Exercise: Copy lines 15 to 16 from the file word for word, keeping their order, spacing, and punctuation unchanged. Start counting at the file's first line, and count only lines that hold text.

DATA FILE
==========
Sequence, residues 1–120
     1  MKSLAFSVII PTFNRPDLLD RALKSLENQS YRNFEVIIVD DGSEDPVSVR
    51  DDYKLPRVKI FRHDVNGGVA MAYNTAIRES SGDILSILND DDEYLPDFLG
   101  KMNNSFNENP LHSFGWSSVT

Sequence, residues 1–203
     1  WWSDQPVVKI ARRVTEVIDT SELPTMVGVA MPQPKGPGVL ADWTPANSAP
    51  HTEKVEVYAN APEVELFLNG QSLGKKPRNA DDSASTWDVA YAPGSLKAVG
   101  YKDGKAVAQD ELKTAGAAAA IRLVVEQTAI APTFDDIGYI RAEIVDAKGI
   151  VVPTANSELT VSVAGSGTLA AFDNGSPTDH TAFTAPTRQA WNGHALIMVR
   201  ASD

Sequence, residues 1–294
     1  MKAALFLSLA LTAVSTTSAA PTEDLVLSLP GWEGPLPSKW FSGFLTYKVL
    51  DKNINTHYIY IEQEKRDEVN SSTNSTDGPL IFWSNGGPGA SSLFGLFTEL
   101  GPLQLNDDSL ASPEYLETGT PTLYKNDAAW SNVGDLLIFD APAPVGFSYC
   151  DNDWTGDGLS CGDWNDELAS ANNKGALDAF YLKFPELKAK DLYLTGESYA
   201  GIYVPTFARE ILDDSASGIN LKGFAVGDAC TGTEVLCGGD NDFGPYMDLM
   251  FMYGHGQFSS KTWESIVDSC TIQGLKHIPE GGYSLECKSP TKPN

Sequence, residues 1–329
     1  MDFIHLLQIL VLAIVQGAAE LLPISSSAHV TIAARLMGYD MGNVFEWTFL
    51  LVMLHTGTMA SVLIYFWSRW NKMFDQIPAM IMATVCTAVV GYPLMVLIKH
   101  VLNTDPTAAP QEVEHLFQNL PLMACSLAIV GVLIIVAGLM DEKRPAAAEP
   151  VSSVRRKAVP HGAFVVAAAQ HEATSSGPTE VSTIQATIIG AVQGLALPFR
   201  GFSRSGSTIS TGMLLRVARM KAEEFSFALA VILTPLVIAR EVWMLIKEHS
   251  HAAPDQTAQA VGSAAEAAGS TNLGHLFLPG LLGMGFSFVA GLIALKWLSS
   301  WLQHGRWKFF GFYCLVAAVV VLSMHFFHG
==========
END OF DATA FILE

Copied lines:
   151  DNDWTGDGLS CGDWNDELAS ANNKGALDAF YLKFPELKAK DLYLTGESYA
   201  GIYVPTFARE ILDDSASGIN LKGFAVGDAC TGTEVLCGGD NDFGPYMDLM